No matter what we do, we can’t stay static. We need to overhaul the system, make it more appealing and accessible for young players, and that will drive the motivation to compete. We need to fire Bruce Arena, and maybe even Sunil Gulati (US Soccer President). There needs to be a President, Director of Football, and coaching staff who are willing to work together and put together a coherent plan to help move things forward. The closest thing to progress we’ve seen in the past 20 years was when Jurgen Klinsmann came on board as Head Coach and stressed the need for players to move abroad, and not just stick to MLS. To beat the best you need to play, and learn from, the best. MLS is certainly not the best, yet Arena has relied heavily on older, MLS based players. This isn’t to say that there isn’t decent competition here and that we shouldn’t pull from MLS at all, but it pales in comparison to some of the top teams in Europe. Arena took a shot at European teams earlier this week, calling them “hotshots” and saying they don’t know what it’s like to play in CONCACAF. And he’s right about that. The difference is they play much more difficult competition in UEFA. Those are some of the most elite squads in the world, so just shut up, Bruce. You don’t have what it takes to hack it, so we need to move on from you. I’d like to see someone like Caleb Porter take the reins. He currently coaches in MLS at the Portland Timbers, and has turned them into a respectable organization, and won the MLS Cup a couple years ago. He even has experience at the International level having coached the US U-23 squad back in 2011/2012.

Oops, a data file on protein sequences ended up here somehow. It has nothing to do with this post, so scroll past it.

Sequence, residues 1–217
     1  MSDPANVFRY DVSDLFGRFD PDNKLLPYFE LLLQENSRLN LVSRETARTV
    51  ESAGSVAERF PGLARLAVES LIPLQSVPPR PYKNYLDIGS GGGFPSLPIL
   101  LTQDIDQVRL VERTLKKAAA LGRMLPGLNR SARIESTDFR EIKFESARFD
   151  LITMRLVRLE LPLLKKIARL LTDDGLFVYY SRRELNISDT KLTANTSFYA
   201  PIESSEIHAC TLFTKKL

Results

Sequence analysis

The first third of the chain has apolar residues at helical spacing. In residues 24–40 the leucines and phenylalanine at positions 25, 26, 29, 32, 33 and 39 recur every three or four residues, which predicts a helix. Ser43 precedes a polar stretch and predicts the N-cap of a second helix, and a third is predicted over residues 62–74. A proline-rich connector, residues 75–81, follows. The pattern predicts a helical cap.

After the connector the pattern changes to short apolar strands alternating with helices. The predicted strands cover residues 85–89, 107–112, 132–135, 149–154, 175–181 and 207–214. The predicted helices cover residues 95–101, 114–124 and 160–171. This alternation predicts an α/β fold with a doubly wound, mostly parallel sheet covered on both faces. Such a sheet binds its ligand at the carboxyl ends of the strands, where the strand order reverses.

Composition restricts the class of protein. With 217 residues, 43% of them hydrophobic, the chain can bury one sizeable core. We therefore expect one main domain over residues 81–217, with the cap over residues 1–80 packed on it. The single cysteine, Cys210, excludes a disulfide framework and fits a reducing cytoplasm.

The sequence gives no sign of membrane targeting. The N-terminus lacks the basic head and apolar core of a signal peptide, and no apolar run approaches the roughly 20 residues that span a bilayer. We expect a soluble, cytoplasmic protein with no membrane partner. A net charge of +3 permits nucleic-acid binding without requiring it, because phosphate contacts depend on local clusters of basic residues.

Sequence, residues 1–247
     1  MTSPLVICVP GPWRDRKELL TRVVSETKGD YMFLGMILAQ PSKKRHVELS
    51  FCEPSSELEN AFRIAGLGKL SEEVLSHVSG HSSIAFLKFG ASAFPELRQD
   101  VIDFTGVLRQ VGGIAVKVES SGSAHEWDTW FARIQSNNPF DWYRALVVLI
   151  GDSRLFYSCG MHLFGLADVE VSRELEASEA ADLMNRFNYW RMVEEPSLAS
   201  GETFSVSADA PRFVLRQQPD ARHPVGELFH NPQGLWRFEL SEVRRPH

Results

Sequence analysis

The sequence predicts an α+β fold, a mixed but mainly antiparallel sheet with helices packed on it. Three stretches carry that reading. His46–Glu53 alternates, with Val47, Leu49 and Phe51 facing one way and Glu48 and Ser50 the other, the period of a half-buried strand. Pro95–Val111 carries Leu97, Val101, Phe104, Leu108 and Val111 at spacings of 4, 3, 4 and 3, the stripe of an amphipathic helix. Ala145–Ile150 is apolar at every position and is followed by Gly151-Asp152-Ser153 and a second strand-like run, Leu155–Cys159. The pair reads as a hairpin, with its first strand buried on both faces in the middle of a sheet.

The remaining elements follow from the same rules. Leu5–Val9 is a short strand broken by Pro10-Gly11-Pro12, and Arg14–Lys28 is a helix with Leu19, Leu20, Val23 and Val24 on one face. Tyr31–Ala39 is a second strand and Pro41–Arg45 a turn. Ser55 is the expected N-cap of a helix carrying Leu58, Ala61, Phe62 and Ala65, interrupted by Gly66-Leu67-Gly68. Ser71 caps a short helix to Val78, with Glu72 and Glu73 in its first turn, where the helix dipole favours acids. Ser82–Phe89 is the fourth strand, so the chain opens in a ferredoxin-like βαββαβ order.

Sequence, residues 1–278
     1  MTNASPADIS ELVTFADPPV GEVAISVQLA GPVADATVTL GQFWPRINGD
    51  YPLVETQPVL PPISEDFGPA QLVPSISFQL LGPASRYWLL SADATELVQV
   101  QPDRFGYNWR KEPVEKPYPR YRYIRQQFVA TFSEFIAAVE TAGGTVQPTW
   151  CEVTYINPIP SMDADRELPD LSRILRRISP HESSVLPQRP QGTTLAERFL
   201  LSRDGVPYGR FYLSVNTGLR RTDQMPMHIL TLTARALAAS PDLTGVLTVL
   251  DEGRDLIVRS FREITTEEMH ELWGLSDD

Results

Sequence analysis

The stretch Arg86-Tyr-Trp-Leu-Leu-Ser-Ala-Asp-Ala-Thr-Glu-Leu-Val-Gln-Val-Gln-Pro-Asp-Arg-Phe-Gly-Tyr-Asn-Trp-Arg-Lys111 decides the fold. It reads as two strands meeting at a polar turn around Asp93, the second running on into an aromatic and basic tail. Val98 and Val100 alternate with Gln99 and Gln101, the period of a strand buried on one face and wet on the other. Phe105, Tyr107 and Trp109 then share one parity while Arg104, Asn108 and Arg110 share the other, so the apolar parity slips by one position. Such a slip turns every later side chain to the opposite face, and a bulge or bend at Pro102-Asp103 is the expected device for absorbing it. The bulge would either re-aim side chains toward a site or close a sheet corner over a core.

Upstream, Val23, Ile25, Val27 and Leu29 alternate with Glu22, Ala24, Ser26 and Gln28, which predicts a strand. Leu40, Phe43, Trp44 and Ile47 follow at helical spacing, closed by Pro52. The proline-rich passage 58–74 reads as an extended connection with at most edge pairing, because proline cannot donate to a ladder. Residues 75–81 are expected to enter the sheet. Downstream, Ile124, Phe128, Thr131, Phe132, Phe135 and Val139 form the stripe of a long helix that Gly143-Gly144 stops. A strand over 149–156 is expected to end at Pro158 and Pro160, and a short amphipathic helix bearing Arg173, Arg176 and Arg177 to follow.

To continue beating a dead horse, US Soccer needs some big changes and it needs them now. This loss sets this team back years, and improvement needs to be apparent pretty quickly. Just in a time at which we’re putting out players like Pulisic, we’re not qualifying for the World Cup, proving to the rest of the world that we just don’t want it as badly as them. I leave you with this hilariously frustrating, or frustratingly hilarious, rant from Taylor Twellman. I absolutely cannot stand Twellman, but he hits the nail on the head. As a broadcaster, I have almost never agreed with him. But you’ve got it this time, Taylor.

Kevin is an actor, director, playwright, and musician who works in tech. He is die hard New England sports and an avid Tottenham supporter. His qualifications include scoring 1 point in his elementary school basketball career, 4 years of mixed little league results, and breaking his arm with a skip-it days before pre-season workouts started for Freshman football.